warrant, the Court may request a State Party to make a provisional or a
full arrest and surrender. The Registrar is responsible for
transmitting a request for cooperation issued by the Chambers (e.g. a
request for arrest) to a State Party or international organization. The
Registrar will also be responsible for receiving all responses to the
request from the requested State or international organization. However, a
Chamber may allocate to the Prosecutor, instead of the Registrar, the
responsibility to transmit a particular request for cooperation, or
warrant of arrest, and to receive the responses to such requests.
happens after an arrest warrant and a request for arrest has been issued?
The ICC does not have its own
police force. When the Pre-Trial Chamber has issued an arrest warrant, the
Court relies on the cooperation of States and international organizations
to arrest and surrender the person. Moreover, the Court may, by itself or
following a request by the Prosecutor, take certain measures that are
necessary to ensure the safety and well being of any victims and
witnesses, including measures related to the protection of information.
A State Party receiving a
request for cooperation has to keep the request confidential. Any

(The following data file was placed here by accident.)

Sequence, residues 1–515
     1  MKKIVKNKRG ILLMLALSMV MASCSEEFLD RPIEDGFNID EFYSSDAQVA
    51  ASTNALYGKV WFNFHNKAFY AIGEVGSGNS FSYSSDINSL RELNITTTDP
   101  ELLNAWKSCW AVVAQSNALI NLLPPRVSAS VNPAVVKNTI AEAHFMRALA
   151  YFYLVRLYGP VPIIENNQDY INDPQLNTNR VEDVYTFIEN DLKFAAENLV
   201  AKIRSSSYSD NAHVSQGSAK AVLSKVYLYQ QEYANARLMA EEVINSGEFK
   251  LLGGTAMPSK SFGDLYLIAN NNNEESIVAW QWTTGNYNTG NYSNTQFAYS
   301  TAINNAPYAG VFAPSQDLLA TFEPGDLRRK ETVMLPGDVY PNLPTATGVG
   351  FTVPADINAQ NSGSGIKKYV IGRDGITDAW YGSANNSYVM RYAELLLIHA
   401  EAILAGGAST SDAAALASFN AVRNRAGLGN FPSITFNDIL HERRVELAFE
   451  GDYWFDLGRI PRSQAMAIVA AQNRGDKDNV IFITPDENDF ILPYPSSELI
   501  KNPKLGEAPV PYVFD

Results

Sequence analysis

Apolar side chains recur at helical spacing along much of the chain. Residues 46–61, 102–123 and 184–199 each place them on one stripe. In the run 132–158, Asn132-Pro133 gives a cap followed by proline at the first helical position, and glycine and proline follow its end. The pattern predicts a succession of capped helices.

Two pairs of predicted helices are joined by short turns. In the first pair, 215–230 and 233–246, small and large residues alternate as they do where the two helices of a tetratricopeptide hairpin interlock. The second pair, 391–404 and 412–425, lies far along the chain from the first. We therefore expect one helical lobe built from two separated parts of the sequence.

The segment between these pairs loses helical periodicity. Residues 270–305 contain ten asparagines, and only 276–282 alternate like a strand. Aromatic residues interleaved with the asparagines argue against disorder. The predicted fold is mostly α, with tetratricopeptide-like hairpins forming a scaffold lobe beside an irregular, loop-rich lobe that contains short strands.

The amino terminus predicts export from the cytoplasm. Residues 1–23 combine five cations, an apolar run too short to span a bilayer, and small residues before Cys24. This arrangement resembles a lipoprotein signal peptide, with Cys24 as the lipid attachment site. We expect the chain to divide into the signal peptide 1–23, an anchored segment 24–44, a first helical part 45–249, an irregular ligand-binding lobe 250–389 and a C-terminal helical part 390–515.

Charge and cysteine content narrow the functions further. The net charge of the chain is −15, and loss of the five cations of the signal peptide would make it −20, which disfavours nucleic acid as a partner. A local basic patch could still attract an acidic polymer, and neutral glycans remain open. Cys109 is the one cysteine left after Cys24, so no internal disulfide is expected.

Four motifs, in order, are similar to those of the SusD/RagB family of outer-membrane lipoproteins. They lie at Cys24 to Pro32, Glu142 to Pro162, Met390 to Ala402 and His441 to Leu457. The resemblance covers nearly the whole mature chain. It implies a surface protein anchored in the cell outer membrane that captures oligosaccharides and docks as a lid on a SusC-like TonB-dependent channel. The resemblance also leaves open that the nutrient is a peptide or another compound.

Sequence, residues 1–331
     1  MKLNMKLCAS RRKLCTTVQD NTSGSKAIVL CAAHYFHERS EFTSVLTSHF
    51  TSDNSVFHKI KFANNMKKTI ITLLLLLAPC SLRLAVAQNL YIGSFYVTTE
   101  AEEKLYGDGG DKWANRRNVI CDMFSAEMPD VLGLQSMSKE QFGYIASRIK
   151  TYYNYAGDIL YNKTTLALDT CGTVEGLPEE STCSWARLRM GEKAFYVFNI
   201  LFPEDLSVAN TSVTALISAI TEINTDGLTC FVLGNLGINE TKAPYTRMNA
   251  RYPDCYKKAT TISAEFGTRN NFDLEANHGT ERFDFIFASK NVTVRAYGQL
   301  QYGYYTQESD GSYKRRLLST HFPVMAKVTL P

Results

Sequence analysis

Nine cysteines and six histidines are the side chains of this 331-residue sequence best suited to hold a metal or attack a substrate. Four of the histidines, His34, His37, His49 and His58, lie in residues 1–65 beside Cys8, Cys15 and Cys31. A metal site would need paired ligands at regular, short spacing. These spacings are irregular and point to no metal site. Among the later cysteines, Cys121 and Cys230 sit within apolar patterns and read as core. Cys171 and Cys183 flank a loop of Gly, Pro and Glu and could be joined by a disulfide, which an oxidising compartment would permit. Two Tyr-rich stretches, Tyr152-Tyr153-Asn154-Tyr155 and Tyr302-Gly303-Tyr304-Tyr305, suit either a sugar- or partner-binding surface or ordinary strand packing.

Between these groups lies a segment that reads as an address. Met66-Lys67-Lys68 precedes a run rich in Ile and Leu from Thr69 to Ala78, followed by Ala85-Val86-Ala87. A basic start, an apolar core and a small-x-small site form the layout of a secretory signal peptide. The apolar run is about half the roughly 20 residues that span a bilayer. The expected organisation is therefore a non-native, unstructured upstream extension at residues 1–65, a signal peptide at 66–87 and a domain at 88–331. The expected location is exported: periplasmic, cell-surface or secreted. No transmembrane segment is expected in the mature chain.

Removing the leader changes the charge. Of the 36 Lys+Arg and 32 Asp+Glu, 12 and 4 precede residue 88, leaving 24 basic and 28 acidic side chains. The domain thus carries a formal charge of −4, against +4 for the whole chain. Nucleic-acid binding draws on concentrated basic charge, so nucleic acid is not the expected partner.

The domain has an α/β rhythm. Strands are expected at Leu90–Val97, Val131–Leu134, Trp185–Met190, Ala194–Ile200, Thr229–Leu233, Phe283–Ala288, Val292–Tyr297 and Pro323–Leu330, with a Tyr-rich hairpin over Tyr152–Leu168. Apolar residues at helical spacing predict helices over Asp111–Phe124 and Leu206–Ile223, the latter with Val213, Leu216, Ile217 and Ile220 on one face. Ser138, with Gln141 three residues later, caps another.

information about the request may only be disclosed if this is necessary
for the execution of that request.
Once a person has been arrested
and the Court has been informed about the arrest, the Court must hand over
the arrest warrant to the arrested person. The arrested person must then
be brought before a court in the State Custody, which must determine,
based on its national laws, that the right person has been lawfully
A Reasonable Doubt
Judicial authorities should be
aware of the fact that it may be very difficult to determine the personal
responsibility of a Head of State. Indeed, it would be necessary to
prove beyond reasonable doubt that he ordered or instigated the
perpetration of the crimes charged with, or, despite having the effective
power and authority to prevent or punish the persons responsible for the
commission of those crimes, willfully failed to do so. So far no Syrian
official has been brought to justice.
©Copyright 2006 Gabriel Sawma Esq. all rights reserved.